When you are ready to cook, preheat the oven to 425 degrees and bake the foil
packets for 30 minutes. Serve

Spoon Bread
2 1/2 cups Milk or Nondairy Creamer
3/4 cup Cornmeal
3/4 teaspoon Salt
4 tablespoons Butter or Margarine
4 Eggs, separated

Mix the Cornmeal and Milk in a heavy bottomed saucepan. Cook, stirring constantly, over medium heat, until the mixture thickens and comes to a boil. Remove from heat, stir in the Butter, and set aside to cool. When the cooked mixture has cooled, blend in the Egg Yolks.

Beat the Egg whites until stiff, but not dry. Fold the beaten Egg whites into the cooked mixture. Spoon the batter into a greased and floured, 8 or 9-inch square glass baking dish. Bake at 325 degrees for an hour. Serve

Corn Fritters
3 cups cut Corn, fresh or frozen
3 eggs, slightly beaten
3/4 cup Cracker crumbs
3/4 cup Self-Rising Flour
Oil for frying

Combine the Flour and Cracker Crumbs. Mix in the cut Corn. Add the slightly beaten Eggs, and mix well. The batter will be thick. Heat about a half-inch of Oil in a skillet. Drop the Batter into the Oil, about a tablespoon at a time. Fry until golden on one side, then turn and brown the other side. Drain on paper towels, and serve immediately

Scalloped Corn and Tomatoes

2 cups cut Corn, fresh or frozen
1 (1 pound) tin sliced Tomatoes, drained
1 medium Onion, diced
3/4 cup diced Celery
3 tablespoons Butter or Margarine
1 cup Cracker Crumbs
Salt and Pepper to taste

Melt the Butter in a skillet. Add the Celery and Onions. Cook, over medium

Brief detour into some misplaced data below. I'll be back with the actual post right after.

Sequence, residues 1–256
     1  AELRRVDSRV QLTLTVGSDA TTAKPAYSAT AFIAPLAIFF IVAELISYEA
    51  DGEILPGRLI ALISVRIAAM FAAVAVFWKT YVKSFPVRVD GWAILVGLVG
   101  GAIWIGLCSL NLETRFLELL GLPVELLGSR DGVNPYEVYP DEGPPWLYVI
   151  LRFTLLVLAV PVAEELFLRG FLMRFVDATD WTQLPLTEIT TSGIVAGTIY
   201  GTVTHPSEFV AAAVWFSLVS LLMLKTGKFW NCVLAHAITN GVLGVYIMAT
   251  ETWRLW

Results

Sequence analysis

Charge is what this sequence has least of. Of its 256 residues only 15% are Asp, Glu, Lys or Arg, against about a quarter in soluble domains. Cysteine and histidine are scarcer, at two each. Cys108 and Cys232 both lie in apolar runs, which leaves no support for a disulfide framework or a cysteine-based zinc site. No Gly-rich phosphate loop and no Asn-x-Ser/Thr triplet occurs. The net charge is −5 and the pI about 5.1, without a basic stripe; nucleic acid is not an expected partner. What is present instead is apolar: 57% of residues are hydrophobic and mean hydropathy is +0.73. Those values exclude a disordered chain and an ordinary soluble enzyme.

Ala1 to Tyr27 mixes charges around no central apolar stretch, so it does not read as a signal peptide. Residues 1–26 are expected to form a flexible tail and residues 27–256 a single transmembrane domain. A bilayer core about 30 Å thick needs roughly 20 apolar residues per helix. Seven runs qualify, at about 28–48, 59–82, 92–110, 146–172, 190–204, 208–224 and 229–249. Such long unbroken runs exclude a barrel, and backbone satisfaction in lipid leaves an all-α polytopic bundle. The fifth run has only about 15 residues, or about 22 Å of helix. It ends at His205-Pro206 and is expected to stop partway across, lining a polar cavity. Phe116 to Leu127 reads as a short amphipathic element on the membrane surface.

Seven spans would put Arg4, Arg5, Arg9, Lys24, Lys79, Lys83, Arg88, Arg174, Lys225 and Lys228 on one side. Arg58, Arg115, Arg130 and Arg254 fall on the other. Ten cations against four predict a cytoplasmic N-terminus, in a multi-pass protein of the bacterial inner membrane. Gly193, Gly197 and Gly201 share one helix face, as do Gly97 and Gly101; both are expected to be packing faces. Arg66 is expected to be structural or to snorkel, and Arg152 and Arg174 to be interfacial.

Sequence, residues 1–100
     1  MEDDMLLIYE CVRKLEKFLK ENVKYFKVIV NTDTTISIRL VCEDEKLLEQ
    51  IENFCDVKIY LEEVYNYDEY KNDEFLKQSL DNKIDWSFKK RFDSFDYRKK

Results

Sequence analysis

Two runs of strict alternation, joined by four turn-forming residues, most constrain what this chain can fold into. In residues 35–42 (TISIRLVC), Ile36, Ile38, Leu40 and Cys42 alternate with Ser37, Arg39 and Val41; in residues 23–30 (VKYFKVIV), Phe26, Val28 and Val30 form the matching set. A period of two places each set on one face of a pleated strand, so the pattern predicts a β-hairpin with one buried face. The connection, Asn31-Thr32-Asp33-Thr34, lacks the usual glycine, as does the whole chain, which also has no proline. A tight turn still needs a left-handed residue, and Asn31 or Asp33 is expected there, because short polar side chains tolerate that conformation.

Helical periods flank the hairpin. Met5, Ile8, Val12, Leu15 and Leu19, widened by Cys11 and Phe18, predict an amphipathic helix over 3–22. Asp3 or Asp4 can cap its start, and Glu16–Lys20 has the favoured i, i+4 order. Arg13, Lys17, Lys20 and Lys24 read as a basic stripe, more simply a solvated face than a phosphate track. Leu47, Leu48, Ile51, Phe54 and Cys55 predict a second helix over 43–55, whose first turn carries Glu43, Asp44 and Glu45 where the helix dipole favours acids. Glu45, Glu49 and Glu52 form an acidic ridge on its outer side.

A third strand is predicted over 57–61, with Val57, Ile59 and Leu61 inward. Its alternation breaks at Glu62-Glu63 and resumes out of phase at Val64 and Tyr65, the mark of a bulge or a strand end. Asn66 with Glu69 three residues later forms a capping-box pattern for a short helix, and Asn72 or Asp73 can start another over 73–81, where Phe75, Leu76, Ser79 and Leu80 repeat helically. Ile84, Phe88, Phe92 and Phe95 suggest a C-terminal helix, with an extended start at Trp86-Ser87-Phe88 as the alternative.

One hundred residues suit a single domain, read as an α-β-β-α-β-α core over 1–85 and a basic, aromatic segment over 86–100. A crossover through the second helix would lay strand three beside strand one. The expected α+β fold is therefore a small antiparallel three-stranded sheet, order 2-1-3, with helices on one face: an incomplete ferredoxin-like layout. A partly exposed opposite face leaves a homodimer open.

heat until the Onions are slightly browned. Remove from heat. Stir in Corn,
Tomatoes, Salt, and Pepper.

Lightly Oil an 8 or 9-inch square glass baking dish. Place half the Corn
mixture in the dish, and top with half the Cracker Crumbs. Repeat with the
other half of the Corn mixture, and remaining Crumbs. Bake at 350 degrees for
about 30 minutes, or until browned. Serve

Corn Relish
2 1/2 cups fresh Corn
2 cups shredded Cabbage
2 Onions, chopped
1 sweet Red Bell Pepper; chopped
1 Green Bell Pepper; chopped
1 long seedless Cucumber, chopped
2 pounds peeled, chopped Tomatoes, fresh or tinned
1 cup Sugar
3/4 cup Apple Cider Vinegar
2 tablespoons Salt
2 teaspoons Celery Seed
2 teaspoons Mustard Seed

Put all the ingredients into a 4-quart non-reactive pot. Cook over medium
heat, stirring occasionally. Reduce the heat and simmer, uncovered, for
between 20 and 30 minutes, or until a bit thick. Chill and store in
refrigerator. This will keep for about a month.

Italian Corn
3 cups of cut Corn, fresh or frozen
1 large Onion, minced
1/4 cup Olive Oil
1 tablespoon Rosemary
1/3 cup Parmesan cheese
Salt and Pepper to taste

Pour the Olive Oil into a large skillet which has a lid. Over a medium heat,
cook the Onion and Rosemary together, until the onion is translucent. Add the
Corn, 1/4 cup Water, and stir. Cover, and cook over medium heat, stirring
once, for 8 minutes. Uncover, sprinkle with Salt, Pepper, and Parmesan
Cheese, and stir. Serve

Eddy Robey M.A., Author of
It's Not Just Chicken Soup . Like all Jewish mothers, I feed everyone in sight, and have been at work in the kitchen for over 20 years.
Correspondence should be addressed to and will be read as soon as the dishes are done. You can find many of my recipes online at Gantseh Megillah



Return to

[New] [Archives] [Join] [Contact Us] [Poetry in Motion] [Store] [Staff] [Guidelines]